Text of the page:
In addition to Philbin and Elliott, the two outstanding safeties, Jeff Woodcock and Ike Thomas, summed up the high points of the Stars defense. Thomas had been a second round draft choice of the Cowboys in 1971, was shuffled off to Green Bay for the 1972 and ‘73 seasons but was considered a bust. He flourished in the WFL coming in second only to the Southmen’s Tim Beamer in kickoff returns. Woodcock was a tough tackler out of Kentucky and made the All WFL team. Unfortunately, even with some talented players, the Stars were relegated to ancient, decrepit, smelly, should-have-been-condemned Randall’s Island Stadium. The structure was literally collapsing, and the locker rooms were like the belly of a dungeon; dank, dark, unheated in winter, stifling in the heat of summer, with constantly overflowing toilets. Difficult to travel to, horrible seating, almost no amenities or concessions, this relic from the Olympic games of forty years previous was also without adequate lighting. When the baseball Dodgers abandoned Brooklyn for Los Angeles one of the few things they left the City Of New York were the ancient lights from their Ebbetts Field ballpark. These were installed at Randall’s Island but they were inadequate for television and barely provided enough illumination for high school night games. Birmingham American expert Greg Allred reminded HELMET HUT that when the Stars had their home opener at Randall’s Island, the radio announcers from Birmingham suffered the indignation of having to work in the dilapidated press booth that had no chairs. They did not know if they should laugh or cry when the New York staff offered them orange crates to sit on while they broadcast the contest! They opted to stand but held no malice towards the Stars’ announcers as they too were seated on orange crates. It was apparent and should have been to Schmertz and Baldwin before the season began, that no one was going to come to Randall’s Island to watch anything if it could be avoided. Combine this with mounting financial problems involving both the Stars and his construction company and a ruinous divorce proceeding and it was obvious that Schmertz was not going to have enough money to finish the season. Buyers were sought and one possibility was former Patriot GM Upton Bell. Bell was anxious to gain ownership and was negotiating for the Detroit Wheels which proved to be an unworkable project, thus on September 24, 1974, the Stars were sold to Bell as they were shipping off to Chicago to play the Fire. Notified of the change in ownership and an immediate shift to Charlotte, N.C. where the mayor and other officials of the city had offered accommodations that would make residence there feasible, equipment man Mike Ferraro ran himself ragged seeking new decals. In the end, he purchased Chicago Bear “C” decals from the same supplier as his friend who served as the Bears equipment man and for that one game, the New York/Charlotte Stars as they were known that week, had the unique helmet logo of the Chicago Bears “C” laid directly over the New York Stars star! Renaming the team the Hornets did not do much for their fortunes on the field as they went 2-7 in their new home, although off the field they doubled their New York attendance to approximately 22,000 per game and finished the season with a 10-10 record. The enhanced attendance gave Bell hope for the 1975 season and there were enough optimistic investors in the Carolinas to insure that the Hornets would be back for an encore the following year. Despite the All WFL status of Philbin and Elliott, Charlotte entered the off-season having trimmed their roster of every one of the former New York Jets that they had hoped would bring them instant acceptance in New York City.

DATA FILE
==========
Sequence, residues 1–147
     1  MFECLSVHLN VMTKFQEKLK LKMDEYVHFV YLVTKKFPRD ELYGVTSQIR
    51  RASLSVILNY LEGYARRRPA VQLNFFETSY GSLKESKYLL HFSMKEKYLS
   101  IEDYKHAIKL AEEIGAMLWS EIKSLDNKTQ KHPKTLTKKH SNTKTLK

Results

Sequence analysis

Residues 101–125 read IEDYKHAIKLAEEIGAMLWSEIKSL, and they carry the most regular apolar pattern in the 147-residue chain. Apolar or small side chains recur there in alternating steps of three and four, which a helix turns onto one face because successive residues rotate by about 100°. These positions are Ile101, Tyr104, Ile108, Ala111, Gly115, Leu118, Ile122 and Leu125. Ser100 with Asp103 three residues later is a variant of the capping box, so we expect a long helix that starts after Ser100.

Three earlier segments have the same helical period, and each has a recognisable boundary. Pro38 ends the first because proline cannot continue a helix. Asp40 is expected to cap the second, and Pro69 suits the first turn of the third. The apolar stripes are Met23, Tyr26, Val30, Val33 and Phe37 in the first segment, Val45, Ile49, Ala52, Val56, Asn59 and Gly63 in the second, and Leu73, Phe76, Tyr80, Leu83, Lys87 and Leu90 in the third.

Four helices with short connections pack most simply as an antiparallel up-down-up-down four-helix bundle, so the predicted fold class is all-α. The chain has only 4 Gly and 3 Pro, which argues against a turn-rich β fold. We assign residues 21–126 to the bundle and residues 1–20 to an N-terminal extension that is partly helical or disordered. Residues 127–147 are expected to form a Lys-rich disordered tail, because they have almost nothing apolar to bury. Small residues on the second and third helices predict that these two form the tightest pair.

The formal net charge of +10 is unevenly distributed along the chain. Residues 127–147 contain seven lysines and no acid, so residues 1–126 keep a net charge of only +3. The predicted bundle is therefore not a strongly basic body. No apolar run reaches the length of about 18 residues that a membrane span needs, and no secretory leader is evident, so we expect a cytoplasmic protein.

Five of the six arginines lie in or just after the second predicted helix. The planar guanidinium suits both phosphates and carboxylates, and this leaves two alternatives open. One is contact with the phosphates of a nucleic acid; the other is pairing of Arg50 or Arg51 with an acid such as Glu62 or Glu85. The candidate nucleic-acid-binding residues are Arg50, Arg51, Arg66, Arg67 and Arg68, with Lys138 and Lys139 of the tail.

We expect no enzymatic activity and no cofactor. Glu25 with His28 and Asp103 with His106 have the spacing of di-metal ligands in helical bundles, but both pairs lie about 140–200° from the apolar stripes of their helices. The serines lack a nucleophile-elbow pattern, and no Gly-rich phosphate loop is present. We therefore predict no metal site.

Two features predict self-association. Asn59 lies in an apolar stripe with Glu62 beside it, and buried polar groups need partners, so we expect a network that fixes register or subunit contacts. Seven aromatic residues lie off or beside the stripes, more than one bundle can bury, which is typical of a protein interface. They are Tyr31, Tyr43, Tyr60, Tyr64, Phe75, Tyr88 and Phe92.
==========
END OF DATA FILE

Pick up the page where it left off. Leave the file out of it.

To demonstrate that some owners and administrators survived and in some cases, thrived after their life with the WFL, it is noteworthy that Howard Baldwin did more than just “land on his feet.” After the demise of the WFL Baldwin remained involved in sports and helped to broker the merger of the World Hockey Association teams that joined with the NHL. He became Chairman Of The Board and owner of the Pittsburgh Penguins and then established a sport’s milestone when he successfully negotiated the purchase of fifty percent of the famous CCP Red Army Hockey Team in Moscow, partnering with the Russian government. Turning to film production, as President and CEO of Baldwin Entertainment Group, Baldwin has had a hand in the production of a diverse range of movies from Jean-Claude Van Damme punch-‘em-ups to the critically acclaimed RAY which starred actor Jamie Fox as Ray Charles.
The Stars uniforms may have been good in theory, looked good on paper or mock-up, but fell short on the field, just as the team did. The helmet was great: black with a yellow center stripe and white flanking stripes that were augmented by a “star” design in the same yellow with black “NY” outlined in white. It made for a great look that was readily identifiable on the field, although perhaps not always while playing at Randall’s Island! Unfortunately, the yellow jerseys with white trimmed black numbers always looked washed out and in night games appeared to be very muted. It was not a yellow or “gold” jersey that jumped out at the spectator, unlike the 1975 Hornets uniforms that were ultra-sharp in both appearance and design. When the Stars relocated to Charlotte, the first game of their journey was marked by the Chicago Bears “C” superimposed upon the New York marked star. This uniform faux pas was forgivable under the circumstances but ridiculous nonetheless. The Charlotte Hornet logo to follow, a very plain looking white “C” was forgivable also, being a “rush job” but it can be said that when they finally went to a depiction of a hornet for 1975, they at least had a logo that was identifiable with the team nickname.BACK...